Five years ago, one of us wrote an introduction to a series of pieces on the prison industrial complex (PIC) in Left Turn’s fifth anniversary issue. There, the police shootings of Amadou Diallo and Abner Louima, the horror of the US prison population topping 2,000,000 people, the heightened surveillance following September 11, 2001, and the rapid construction of a police state in post-Katrina New Orleans were the context for the discussion. In the five years that followed, the PIC has continued to grow and adapt to the shifting terrain of a country at war abroad and with itself.

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    Demilitarization as Rehumanization Clare Bayard March 11, 2011

    The antiwar movement never died. The movement has shifted to the work of long-term, community-based organizing to mount a comprehensive challenge to US militarism. This work is growing inside grassroots movements led by veterans, immigrants, queers, and low-income communities of color. Everywhere domestic militarization burns to the bone, people are fighting for a different future. The mass street marches of 2003 sought to preemptively raise the political cost of the Iraq war. We always knew that beyond those marches we would have to confront the real human cost if the wars moved ahead.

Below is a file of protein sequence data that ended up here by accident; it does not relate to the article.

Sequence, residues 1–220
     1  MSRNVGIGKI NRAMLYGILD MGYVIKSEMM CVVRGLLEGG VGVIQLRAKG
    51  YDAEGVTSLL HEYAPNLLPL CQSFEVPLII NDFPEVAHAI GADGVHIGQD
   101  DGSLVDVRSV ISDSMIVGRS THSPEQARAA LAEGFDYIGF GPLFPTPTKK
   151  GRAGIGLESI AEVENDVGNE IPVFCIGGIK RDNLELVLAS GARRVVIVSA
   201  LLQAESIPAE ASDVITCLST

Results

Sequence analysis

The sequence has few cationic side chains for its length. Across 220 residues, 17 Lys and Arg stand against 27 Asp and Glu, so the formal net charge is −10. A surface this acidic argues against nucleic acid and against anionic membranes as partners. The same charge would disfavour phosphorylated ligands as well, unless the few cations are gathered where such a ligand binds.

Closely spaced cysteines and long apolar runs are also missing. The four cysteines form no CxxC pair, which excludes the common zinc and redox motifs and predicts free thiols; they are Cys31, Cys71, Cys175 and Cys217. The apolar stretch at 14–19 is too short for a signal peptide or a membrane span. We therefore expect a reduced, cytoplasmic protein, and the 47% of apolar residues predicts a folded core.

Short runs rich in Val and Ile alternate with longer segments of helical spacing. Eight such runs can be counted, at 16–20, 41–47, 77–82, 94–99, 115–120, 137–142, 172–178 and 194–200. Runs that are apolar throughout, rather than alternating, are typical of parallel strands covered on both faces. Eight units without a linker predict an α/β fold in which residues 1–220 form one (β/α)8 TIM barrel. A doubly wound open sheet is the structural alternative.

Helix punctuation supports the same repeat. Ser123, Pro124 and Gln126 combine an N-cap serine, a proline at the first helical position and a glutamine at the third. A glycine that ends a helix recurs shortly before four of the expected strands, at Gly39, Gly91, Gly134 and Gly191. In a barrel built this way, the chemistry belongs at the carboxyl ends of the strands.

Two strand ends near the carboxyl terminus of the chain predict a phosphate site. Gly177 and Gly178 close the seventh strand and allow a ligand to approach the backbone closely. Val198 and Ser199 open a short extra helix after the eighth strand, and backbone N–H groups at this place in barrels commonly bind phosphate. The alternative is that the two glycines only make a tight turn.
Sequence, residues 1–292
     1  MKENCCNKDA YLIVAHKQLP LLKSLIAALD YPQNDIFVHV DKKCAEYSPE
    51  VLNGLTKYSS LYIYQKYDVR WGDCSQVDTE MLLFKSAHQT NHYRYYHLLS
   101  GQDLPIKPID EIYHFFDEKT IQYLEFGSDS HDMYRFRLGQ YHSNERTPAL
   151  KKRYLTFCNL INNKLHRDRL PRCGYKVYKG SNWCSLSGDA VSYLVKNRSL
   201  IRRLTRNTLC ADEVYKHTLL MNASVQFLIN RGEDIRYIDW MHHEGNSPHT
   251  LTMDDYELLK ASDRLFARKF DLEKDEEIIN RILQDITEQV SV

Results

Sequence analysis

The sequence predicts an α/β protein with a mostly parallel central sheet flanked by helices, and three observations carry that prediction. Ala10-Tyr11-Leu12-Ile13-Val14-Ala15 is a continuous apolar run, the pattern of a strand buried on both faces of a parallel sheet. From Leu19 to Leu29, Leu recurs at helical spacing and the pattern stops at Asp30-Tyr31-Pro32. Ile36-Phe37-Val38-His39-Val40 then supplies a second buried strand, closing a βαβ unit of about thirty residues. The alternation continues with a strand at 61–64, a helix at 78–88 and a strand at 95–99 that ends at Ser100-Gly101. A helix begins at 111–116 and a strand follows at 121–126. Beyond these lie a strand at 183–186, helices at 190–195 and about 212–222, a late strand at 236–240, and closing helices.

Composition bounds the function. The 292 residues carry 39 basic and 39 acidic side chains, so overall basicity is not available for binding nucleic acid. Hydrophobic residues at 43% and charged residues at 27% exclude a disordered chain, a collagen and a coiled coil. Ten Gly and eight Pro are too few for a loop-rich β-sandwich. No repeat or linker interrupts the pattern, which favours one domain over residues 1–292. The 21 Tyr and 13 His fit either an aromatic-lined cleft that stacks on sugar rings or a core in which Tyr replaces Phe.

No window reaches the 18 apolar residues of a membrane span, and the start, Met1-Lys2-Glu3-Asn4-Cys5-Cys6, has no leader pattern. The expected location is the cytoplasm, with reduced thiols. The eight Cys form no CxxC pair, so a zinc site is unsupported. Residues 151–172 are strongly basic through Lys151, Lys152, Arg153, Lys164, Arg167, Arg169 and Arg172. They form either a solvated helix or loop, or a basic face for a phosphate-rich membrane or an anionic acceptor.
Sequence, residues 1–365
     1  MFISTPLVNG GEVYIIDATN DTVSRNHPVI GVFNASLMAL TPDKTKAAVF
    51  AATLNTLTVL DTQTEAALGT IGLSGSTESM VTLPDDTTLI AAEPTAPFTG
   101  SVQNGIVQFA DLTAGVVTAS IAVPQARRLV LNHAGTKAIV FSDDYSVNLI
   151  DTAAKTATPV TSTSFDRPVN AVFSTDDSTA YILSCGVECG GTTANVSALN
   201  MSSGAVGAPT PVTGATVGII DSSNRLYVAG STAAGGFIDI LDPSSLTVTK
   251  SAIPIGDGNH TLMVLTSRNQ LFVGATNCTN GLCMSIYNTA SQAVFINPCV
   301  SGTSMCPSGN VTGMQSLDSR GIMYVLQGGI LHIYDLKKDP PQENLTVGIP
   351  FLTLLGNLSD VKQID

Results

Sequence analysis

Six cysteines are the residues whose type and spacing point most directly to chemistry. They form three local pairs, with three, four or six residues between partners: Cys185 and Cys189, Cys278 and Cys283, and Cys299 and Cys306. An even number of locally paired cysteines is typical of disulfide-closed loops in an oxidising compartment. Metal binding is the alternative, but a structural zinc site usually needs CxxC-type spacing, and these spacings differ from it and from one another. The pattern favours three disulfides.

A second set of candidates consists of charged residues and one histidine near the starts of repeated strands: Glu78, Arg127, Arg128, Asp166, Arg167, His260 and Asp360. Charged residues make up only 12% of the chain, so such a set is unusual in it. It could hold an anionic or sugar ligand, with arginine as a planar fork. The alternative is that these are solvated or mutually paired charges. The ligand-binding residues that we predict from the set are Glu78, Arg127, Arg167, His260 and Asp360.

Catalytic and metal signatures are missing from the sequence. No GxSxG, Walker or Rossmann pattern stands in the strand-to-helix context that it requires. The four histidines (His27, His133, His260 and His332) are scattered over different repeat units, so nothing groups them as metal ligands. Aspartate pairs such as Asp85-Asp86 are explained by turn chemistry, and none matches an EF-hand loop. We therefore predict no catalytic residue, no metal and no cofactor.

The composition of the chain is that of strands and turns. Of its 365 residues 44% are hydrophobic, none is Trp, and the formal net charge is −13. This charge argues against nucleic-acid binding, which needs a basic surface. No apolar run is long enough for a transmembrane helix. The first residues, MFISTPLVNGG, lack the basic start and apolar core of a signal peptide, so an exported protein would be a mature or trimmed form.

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    Turning Left Harmony Goldberg March 11, 2011

    The last decade has been a period of profound struggle and realignment for the Left in the United States. We entered the decade with a disorientation shaped by the exhilaration of the 1999 Seattle protests and the world-changing events of September 11, 2001. Ten years later, that disorientation has started to shift, and a new level of clarity is emerging.